“My nearly 40 years at Grand Valley have been more fulfilling than anyone could have imagined,” Kindschi said. “To help a university grow from 5,000 to 25,000 students is an opportunity few in academia have enjoyed.”

The 151,720 square-foot, four story building includes nine classrooms, 15 teaching laboratories, 14 faculty/student research laboratories, a computational research lab, study spaces, offices and conference rooms. Provost Gayle R. Davis said the new lab spaces will grow the important relationships between faculty and students, which will ultimately benefit the state of Michigan.

“Students who engage actively with their faculty and their subjects are most likely to succeed in college and in life. It takes a specialized space to facilitate those important collaborations,” Davis said. “With this new facility, we’ll be able to involve many more students in extracurricular research with their faculty members — strengthening the basis on which they will grow the sciences for our state."

ribbon cutting for KHS

Doug and Barbara Kindschi join lawmakers, trustees and others to cut the ribbon during the dedication ceremony of the P. Douglas Kindschi Hall of Science August 28.
photo by Amanda Pitts

The $55 million, state-of-the-art facility received $30 million from the State of Michigan; the remaining $25 million came from a variety of university resources. The Kindschi Hall of Science is the first state-funded construction project on the Allendale Campus in 20 years.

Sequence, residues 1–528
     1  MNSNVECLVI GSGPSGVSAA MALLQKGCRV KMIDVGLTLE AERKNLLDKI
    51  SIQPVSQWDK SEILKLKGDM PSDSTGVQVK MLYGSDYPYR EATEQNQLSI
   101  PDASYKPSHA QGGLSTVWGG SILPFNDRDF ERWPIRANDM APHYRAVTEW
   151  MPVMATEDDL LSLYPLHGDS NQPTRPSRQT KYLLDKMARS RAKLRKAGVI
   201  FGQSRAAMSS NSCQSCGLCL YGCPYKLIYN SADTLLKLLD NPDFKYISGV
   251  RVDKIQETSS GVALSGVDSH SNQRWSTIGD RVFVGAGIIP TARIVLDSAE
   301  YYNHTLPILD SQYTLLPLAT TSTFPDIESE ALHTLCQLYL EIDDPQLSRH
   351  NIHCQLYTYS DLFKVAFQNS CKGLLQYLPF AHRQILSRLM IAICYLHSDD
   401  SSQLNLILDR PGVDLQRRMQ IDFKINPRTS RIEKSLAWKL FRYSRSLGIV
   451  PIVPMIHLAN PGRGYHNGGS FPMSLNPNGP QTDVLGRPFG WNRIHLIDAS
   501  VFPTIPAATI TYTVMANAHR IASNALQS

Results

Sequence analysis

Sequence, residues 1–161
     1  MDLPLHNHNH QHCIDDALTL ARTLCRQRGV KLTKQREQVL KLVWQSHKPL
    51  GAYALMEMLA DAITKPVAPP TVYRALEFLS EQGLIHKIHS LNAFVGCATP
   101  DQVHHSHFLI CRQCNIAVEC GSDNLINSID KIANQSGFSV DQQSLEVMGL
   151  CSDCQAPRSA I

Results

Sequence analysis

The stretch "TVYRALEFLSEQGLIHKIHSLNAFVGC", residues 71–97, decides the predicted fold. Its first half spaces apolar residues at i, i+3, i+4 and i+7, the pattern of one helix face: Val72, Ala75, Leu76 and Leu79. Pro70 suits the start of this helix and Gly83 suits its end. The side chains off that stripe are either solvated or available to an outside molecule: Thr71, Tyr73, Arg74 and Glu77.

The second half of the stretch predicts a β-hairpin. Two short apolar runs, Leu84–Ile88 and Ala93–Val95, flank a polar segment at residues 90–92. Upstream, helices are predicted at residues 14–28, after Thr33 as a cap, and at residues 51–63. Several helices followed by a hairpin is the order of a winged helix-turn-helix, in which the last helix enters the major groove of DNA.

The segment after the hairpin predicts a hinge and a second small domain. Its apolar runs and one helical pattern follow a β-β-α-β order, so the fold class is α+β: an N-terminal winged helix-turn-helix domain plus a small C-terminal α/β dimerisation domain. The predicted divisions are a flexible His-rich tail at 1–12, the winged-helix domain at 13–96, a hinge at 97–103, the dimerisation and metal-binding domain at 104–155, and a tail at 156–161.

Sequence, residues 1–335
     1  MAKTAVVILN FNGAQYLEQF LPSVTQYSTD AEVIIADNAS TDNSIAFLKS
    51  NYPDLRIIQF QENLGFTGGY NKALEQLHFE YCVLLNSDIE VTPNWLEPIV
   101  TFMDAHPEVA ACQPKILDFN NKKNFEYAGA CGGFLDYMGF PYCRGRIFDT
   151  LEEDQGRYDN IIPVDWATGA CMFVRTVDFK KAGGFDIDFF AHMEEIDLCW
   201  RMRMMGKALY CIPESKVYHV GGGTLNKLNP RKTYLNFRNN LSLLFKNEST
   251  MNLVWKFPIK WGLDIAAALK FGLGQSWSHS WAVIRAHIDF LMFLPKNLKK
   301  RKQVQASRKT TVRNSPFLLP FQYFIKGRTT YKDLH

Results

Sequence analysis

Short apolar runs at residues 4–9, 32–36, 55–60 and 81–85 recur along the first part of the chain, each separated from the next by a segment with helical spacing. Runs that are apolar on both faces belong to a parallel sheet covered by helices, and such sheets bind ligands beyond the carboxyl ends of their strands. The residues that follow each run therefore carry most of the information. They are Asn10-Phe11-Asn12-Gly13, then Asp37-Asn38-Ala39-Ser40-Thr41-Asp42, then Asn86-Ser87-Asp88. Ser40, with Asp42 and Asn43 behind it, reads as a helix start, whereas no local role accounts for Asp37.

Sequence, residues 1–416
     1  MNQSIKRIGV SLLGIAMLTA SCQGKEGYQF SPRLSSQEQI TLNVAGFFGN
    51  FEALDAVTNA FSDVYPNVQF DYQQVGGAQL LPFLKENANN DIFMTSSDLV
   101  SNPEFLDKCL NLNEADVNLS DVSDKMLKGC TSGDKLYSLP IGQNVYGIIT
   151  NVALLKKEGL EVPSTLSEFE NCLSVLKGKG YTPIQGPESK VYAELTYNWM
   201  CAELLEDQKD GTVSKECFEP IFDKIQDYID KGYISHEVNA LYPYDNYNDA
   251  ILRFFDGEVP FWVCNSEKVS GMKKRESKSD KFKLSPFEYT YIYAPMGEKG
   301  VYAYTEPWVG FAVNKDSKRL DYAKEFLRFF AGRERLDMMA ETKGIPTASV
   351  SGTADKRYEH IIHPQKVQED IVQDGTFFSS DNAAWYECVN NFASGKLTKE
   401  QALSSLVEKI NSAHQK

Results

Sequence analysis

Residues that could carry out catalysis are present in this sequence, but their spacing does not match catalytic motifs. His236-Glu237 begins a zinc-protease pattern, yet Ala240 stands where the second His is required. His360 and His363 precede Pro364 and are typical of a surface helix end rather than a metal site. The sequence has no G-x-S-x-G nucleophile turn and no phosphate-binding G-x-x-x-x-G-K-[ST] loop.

While the building provides the space, the opportunities for students in undergraduate research in science, technology, engineering and mathematics (STEM) and health disciplines are supported through the CLAS Margin of Excellence for Science Fund, made possible by more than 400 donors.

Representatives from the state included Sen. Arlan Meekhof, (R-Grand Haven), Rep. Adam Zemke, (D-Ann Arbor), and Rep. Roger Victory, (R-Hudsonville). Victory said the Kindschi Hall of Science is a great asset to Grand Valley and the state.

“The return on investment will come in the form of developing the knowledge and skills needed for our community and the growth of Michigan,” said Victory. “Grand Valley has one of the highest retention rates of its graduates who continue to live, work and invest in our community and our state.”

Ribbon cutting for the P. Douglas Kindschi Hall of Science